I’m likely the only reader of Michael Ross’s memoir, The Volunteer, who wished he had written more about his life on a kibbutz. I’m sure his co-author, his agent, his editor, and just about everybody who bought his book wanted him to skip quickly through his two years of kibbutz life and get down to the juicy details: the too-amazing-to-be-fiction story of how an Anglican kid from the suburbs of the Canadian West Coast ended up as a secret-agent fighting terrorists for Israel’s legendary Mossad.

Ross arrived in Israel, in 1982, like many young backpackers. He had tramped through London, Paris, Rome and other European towns, and as winter approached, he was looking for warmer climes. He had heard vague rumours about how you could work and live on communal farms in Israel, so he arrived at the offices of the kibbutz movement in Tel Aviv (on Hayarkon Street at the time) and got assigned to a kibbutz (unnamed in his memoir) in the Bet Shean Valley.

Ross was less typical than other backpackers in that he wasn’t just taking time off from work or university studies but had just done three tough years in the Canadian armed forces—part of a long family tradition of military service. He found much to admire in the sturdy, martial character of the kibbutzniks: “Though they always comprised a small percentage of Israeli society,” he writes, “kibbutzniks formed the core of Israel’s founding warrior class—once staffing as much as eighty per cent of the country’s top military jobs. To this day, whole special forces units are still composed of kibbutzniks. Getting up early, working the land, camping, and hiking were activities kibbutz children did practically from the cradle. They were tough and self-confident, and they knew how to work as part of a team.”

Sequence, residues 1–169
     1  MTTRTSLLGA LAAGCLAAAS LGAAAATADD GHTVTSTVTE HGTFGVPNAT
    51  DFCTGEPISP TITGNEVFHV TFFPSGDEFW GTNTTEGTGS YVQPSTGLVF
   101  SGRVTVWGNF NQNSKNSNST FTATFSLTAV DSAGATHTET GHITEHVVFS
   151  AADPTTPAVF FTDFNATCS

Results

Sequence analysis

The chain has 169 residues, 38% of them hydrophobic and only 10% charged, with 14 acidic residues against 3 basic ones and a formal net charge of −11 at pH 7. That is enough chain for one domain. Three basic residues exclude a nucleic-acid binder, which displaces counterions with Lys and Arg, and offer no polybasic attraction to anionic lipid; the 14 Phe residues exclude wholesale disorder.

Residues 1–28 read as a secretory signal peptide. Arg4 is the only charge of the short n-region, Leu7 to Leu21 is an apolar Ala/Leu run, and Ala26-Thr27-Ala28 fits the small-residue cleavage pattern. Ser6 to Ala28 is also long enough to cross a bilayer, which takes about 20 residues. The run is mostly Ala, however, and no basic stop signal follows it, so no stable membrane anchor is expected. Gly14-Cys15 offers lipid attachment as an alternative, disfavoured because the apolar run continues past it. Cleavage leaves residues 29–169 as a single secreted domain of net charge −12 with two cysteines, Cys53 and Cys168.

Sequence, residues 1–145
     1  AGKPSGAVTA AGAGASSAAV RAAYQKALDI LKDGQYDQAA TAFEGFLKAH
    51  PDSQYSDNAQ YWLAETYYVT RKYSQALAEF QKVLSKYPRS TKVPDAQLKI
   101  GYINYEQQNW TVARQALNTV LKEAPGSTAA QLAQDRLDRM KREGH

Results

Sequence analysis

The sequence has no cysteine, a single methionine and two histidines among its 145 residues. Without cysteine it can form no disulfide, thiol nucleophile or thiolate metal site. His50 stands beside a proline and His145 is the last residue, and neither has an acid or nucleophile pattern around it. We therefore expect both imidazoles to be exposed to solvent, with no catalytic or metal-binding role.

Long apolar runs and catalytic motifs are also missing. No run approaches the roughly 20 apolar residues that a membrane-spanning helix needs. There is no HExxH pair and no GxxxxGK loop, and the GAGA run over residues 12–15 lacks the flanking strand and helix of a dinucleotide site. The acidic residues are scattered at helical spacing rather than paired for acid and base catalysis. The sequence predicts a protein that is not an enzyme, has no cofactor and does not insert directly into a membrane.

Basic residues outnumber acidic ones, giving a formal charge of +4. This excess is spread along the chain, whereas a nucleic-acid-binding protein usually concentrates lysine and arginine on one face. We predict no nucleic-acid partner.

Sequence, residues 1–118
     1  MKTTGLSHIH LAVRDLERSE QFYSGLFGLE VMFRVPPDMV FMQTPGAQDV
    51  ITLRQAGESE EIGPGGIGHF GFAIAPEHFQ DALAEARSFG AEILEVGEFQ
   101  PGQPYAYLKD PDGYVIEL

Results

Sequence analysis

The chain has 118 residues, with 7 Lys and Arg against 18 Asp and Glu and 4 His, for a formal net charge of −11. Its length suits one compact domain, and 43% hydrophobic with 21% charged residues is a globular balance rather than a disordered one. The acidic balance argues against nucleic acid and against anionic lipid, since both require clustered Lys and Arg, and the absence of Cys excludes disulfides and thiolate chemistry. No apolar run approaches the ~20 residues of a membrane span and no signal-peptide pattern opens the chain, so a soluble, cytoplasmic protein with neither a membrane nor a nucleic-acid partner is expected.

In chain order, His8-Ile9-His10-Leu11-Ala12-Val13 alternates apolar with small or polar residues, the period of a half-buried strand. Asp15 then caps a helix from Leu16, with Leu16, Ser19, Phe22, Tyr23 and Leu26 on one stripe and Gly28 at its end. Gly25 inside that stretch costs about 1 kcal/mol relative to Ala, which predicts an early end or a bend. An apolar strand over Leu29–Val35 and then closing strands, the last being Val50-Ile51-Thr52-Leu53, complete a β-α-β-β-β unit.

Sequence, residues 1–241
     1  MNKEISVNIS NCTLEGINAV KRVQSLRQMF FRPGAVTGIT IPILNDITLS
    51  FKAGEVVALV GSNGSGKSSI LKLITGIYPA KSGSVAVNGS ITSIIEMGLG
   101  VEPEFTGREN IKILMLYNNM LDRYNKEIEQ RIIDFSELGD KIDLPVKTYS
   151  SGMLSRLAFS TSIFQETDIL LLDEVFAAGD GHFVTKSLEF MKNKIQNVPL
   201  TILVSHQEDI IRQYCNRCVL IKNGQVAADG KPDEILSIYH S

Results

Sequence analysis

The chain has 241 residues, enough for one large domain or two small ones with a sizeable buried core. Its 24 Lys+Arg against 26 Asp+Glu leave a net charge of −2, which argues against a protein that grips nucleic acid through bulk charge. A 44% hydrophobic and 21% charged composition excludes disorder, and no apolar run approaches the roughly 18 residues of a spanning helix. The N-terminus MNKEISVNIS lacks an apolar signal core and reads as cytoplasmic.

As many volunteers do, Ross found himself drawn to Jerusalem on his days off, where he experienced a mild case of what’s often called the “Jerusalem Syndrome”—an awakening of faith in the presence of so much religious history and reverence. “I was barely an adult at the time, at the stage in life when many of us begin to look for meaning—something beyond the quest for girls and peer-group acceptance that dominates the teenage years,” he writes. “Looking back, perhaps it was fate that I found myself in Israel at this impressionable time of life. … As I traversed the country and drank in more of its history, I began to feel the stirrings of spiritual interest in Judaism, I felt something of a political awakening as well.”

His Road to Damascus moment came on a bus from Haifa, when he noticed the arm of the old man in the next seat and recognized the tattooed numbers of a Holocaust survivor. “At a time when I needed direction in my life,” Ross realized, “it awoke in me a reflexive need to protect and defend those who cannot protect themselves.”